News from around the Caribbean


Barbados opposition leader Ria Mottley has called on supporters of the Barbados Labor Party to prepare to take up the reins of government.

Speaking at the Party’s 78th annual conference recently, Mottley told party faithful that they must be “prepared for battle.”

“This is not a battle for the faith of the Labor party,” she said. “This is a battle not for just rescuing and the resuscitating of the Barbados economy. This is a battle for the protection of the social fabric of this country.”

She slammed the Freundel Stuart administration’s management of the country’s affairs over the past eight years, which saw government introduce a home-grown austerity program to revive the country’s ailing finances, saying Barbados cannot survive five more years of Stuart’s “uninspired leadership”.

Mottley also outlined the party’s plans for the country, should it be victorious in the next election, which is constitutionally due in 2018.

Cayman Islands

A company owned by United States billionaire Paul Allen has agreed to pay the Cayman Islands for damage to a coral reef blamed on his 300-foot yacht.

The government of the British territory and Allen’s Vulcan Inc. announced the settlement in a joint statement recently but did not disclose the amount the co-founder of Microsoft had agreed to pay for the damage to the reef in the Seven Mile Beach Park.

Environment Minister Wayne Panton announced in a statement the agreement with TDE Maritime, the owner of the yacht.

Authorities previously said the anchor chain from the MV Tatoosh caused significant damage to the reef in January.

Allen, whose company remediation work began in March, said in the statement that the agreement would “preserve the reefs and ecosystem for future generations”.


Climate change has a very important impact on climate variability and water resources in the Caribbea, according to Alberton Pacheco, Regional Co-coordinator for Ecosystems of the United Environmental Program, who said the region suffers from a lot of droughts which affects agriculture and when these droughts pass they are usually followed by periods of flood.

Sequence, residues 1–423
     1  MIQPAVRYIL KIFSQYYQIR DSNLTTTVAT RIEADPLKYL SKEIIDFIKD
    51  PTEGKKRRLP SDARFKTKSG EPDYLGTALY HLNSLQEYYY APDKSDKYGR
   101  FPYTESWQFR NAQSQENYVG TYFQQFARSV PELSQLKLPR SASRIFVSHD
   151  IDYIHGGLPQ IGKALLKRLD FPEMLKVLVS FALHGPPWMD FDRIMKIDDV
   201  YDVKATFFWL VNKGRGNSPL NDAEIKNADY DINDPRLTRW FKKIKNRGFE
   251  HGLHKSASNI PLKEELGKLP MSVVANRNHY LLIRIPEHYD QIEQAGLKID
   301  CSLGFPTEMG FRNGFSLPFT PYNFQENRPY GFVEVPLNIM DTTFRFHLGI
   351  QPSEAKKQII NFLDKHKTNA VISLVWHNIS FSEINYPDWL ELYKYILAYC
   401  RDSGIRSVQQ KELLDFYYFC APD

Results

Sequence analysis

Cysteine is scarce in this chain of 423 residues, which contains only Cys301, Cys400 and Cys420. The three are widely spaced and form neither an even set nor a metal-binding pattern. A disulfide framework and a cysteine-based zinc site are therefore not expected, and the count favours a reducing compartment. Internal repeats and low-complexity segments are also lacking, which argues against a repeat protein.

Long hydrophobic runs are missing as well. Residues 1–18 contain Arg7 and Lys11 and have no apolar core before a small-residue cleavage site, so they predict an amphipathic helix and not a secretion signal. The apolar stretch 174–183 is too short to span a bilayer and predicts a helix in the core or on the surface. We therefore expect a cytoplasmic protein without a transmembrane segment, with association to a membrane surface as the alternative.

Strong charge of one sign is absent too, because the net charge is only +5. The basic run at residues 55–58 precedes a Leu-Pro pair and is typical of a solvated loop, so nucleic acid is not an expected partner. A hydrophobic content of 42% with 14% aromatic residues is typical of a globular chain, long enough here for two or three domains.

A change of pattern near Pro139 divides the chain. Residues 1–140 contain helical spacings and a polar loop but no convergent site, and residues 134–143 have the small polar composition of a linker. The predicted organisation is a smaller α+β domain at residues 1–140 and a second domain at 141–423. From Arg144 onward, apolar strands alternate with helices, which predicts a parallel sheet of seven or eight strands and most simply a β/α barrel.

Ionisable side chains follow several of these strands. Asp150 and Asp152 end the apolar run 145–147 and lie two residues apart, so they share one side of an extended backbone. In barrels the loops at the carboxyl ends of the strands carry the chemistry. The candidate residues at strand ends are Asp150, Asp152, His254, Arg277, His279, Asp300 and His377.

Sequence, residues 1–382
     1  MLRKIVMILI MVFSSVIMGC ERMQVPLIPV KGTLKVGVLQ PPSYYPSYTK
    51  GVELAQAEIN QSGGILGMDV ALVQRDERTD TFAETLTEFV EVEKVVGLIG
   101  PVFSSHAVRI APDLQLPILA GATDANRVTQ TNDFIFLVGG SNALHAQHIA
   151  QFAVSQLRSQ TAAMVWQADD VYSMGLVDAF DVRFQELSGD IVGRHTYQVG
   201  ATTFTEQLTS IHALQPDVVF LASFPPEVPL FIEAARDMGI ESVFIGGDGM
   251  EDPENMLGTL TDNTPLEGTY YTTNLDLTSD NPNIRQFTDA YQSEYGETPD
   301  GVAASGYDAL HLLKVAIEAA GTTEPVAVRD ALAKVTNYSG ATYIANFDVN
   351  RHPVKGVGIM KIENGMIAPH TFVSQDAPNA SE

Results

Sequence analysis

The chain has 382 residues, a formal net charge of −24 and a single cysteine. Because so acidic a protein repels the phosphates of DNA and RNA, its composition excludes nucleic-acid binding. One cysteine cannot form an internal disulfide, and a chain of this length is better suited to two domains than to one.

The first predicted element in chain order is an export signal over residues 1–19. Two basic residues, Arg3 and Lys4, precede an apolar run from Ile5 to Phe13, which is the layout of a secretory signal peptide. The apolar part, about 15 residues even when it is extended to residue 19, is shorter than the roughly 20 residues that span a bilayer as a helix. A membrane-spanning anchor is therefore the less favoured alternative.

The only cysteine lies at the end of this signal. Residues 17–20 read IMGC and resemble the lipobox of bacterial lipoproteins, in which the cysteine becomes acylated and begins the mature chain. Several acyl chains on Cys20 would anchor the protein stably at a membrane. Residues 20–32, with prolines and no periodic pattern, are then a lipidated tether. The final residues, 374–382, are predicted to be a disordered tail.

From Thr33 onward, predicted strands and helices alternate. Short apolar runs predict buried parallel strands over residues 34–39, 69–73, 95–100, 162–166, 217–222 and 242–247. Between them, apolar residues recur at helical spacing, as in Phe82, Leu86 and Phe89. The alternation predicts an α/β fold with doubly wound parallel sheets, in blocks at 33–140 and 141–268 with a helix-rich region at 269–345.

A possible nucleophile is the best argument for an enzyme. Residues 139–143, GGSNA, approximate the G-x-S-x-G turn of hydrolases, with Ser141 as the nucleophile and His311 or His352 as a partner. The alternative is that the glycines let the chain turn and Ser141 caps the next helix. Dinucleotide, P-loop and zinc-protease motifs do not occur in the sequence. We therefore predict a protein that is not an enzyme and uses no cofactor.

“If we are able to manage our water resources we might be able to save enough water for whenever we have an extended period of drought and likewise when we have floods we can manage ourselves a little better,” he said. “Because the problem that we have at the moment is that in either instance, either drought or floods, the region’s agricultural soil is being affected”.

Pacheco was leading a discussion on water management at the recent Caribbean Basin Forum in Trinidad.


Guyana police Force has fired six police officers for criminal conduct last month.

Acting Police Commissioner David Ramnarine said they included one subordinate officer and five constables.

He also disclosed that five police officers, including an inspector, were also suspended during October pending investigation into misconduct.

Ramnarine said one of the officers on suspension is a female officer from the Brickdam Police Station, in Georgetown, who is reportedly unable to account for a .32 firearm that she received from a civilian while on duty.

The acting Commissioner said he considers the matter a very serious offence,

In September, Ramnarine said the Guyana Police Force fired 30 police officers for various offenses, ranging from corruption to larceny and robbery. That is addition to 15 others who were dismissed earlier in the year.

He said the force had taken a zero-tolerance to police officers being involved in any criminal offense.